| This 53 message thread spans 2 pages: < < 53 ( 1  ) || |
|How do we tell Google we were wrongly Pandalized?|
In Matt's youtubed keynote speech from Pubcon he specifically says that if we feel we were unfairly demoted in Panda, to "LET THEM KNOW" about it so they can refine the algorith. Does anyone know of the effective procedure to do this or DID you have to pay the big buck to attend Pubcon in order to do this?
--- At this point, the most common theme I see in wrongly Pandalyzed sites is that their original content is too widely syndicated and sometimes scraped. The signals that Google uses to identify the canonical source of the content are being swamped, and the result is that the original source starts to look like a scraper. ---
This is very interesting in my case. And I would appreciate all the conversation and feedback possible on the following. Sorry so long, but the devil is in the details (and the historic path) here.
I have been reading for days now about Syndication, scraping, and duplication.
The topic seems to have first arisen around 2008 and ALL the consensus around that time was that it was perfectly okay, and even encouraged... by everyone! Supposedly, duplication only penalized sites if the content was duplicated within their own domain, because it was assumed they were trying to game the system. In fact this is STILL posted on the Google policy pages (I just read it today.) Proceeding into current times (especially with Panda), it appears that has for the most part done a 180 reversal!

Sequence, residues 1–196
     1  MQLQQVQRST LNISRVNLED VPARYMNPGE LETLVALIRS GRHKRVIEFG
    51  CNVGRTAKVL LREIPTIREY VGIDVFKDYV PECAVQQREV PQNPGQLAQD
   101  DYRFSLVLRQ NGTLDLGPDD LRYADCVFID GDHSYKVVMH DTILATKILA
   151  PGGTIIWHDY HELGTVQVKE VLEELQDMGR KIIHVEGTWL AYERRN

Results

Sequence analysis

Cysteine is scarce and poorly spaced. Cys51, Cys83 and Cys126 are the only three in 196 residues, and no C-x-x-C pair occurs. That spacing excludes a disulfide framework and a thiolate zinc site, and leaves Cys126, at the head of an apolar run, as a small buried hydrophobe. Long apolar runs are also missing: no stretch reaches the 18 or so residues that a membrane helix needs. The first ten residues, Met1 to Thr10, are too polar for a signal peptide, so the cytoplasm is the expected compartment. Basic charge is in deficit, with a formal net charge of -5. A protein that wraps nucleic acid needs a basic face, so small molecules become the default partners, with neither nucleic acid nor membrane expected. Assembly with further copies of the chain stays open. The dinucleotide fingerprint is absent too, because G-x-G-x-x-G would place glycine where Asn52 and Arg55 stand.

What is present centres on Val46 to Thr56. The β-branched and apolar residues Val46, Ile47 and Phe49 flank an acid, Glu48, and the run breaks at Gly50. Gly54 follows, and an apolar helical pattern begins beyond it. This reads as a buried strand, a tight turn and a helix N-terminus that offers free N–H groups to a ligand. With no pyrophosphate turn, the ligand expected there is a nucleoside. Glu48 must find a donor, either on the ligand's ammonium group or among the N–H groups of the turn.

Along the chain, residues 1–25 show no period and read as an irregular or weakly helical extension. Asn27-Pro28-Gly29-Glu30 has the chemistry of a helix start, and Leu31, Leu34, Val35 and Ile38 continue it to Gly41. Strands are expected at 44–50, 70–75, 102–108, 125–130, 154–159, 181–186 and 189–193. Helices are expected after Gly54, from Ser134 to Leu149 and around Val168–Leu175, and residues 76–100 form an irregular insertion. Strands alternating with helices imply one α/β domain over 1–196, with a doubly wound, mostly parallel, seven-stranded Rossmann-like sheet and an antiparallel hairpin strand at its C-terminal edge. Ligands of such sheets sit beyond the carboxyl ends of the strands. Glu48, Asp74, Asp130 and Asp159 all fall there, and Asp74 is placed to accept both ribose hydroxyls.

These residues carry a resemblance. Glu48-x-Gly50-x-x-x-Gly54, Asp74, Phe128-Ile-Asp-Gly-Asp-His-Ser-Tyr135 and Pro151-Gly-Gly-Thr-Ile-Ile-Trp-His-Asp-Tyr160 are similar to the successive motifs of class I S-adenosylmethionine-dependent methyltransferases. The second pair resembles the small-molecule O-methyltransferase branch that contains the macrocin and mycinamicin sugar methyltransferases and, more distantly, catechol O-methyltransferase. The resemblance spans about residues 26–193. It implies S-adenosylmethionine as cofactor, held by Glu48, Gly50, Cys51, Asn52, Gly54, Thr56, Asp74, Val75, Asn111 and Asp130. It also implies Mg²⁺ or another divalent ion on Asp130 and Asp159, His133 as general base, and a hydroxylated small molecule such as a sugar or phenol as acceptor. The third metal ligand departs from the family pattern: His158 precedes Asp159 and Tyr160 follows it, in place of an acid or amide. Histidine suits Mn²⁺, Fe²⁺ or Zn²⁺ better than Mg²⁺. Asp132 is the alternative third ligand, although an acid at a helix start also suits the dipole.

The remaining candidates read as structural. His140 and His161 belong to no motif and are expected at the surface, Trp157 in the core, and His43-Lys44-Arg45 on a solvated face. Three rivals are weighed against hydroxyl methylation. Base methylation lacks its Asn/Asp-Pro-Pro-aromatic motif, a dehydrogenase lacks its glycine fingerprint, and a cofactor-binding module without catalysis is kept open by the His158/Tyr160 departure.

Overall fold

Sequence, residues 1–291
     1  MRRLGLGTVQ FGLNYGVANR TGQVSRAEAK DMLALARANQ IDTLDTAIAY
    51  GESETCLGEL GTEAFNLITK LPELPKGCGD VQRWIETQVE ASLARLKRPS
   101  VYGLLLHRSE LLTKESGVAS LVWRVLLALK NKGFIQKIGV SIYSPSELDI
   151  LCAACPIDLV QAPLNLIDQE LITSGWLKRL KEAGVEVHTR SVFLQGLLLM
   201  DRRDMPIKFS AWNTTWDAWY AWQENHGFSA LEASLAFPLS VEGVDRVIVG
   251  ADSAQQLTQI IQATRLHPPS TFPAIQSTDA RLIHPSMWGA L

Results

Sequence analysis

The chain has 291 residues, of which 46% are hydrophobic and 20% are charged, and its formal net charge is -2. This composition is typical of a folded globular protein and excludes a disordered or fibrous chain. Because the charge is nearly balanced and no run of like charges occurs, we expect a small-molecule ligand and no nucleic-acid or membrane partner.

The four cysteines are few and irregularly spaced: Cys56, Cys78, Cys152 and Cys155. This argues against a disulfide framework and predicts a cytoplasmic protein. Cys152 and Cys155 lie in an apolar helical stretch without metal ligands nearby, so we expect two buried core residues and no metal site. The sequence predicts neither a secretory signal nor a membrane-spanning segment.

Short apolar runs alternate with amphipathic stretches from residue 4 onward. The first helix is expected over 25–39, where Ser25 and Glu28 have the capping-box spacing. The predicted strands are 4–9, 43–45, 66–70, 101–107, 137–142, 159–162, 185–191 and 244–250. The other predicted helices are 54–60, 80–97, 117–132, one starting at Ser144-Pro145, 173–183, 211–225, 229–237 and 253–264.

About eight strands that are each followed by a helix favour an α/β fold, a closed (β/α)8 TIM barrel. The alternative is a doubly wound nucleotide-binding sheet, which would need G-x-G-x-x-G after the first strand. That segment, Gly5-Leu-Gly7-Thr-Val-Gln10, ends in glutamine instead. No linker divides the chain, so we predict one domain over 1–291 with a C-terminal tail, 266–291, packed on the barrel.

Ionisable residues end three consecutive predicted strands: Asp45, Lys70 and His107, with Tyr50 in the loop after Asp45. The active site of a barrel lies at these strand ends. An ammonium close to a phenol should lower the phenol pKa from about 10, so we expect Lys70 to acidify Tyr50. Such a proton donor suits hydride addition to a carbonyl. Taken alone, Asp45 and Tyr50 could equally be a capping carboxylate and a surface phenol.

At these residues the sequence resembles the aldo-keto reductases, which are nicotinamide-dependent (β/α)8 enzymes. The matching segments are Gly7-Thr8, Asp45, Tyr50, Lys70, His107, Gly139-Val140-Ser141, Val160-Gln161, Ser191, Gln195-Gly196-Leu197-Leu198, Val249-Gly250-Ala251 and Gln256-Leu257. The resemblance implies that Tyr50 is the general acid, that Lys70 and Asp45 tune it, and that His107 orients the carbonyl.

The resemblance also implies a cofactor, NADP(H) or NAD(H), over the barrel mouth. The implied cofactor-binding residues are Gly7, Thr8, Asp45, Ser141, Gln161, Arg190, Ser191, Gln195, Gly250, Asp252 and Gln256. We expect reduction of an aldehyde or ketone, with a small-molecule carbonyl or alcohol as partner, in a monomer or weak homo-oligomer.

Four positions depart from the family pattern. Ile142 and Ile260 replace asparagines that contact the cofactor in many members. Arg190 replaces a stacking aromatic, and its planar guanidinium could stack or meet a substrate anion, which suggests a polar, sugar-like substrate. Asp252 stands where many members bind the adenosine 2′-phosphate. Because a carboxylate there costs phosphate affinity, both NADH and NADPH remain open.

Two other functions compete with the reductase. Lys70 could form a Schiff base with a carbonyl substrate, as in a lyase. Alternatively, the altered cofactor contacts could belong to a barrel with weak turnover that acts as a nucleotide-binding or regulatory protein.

We have one friend/writer/PR Person who does two weekly columns. She has been doing them since the mid 90's at least. Originally it was a newsletter e-mailed to major and minor newspapers nationwide and many newspapers carried the entire column under her name as a syndicated column or were allowed to pick it apart and use parts as interest or space permitted. As I understand it, most writers DREAM of getting syndicated and paid in this manner. Her topic was MADE for our website and in 2000 we, with her full cooperation, created a section of our, (then extremely high traffic) website for her columns, bio, contact and archives.
I must mention, that her column consists mainly of a combined collection of the most important and targeted press-releases sent to her (as a recognized authority in her field) by various businesses in the field with new product announcements, events, photos, etc. with the desire to get included in her column and thus get much wider exposure than they possibly could on their own or even by posting on their own websites. Many are rejected. When they are included it is generally 92% the same word for word to ensure accuracy (usually at their request).
Until Panda this had worked great for everyone. The businesses efficiently get their info out to interested parties and the media outlets get a periodic TIMELY, source of targeted information without having to search all over the net for it. Some of the info is EXTREMELY time critical (about 1/3 is useless within 2 weeks) and simply couldn't be found quickly or effectively on Google even if you knew what to look for. While other parts are of interest many years later and historically. Her columns have always been ranked highly when keywords from them were searched, her photos are used by many as avatars, and her pages are so heavily linked by other sources it is incredible. She has hundreds of KNOWN followers (auto-notified) and possibly many more based on direct accesses.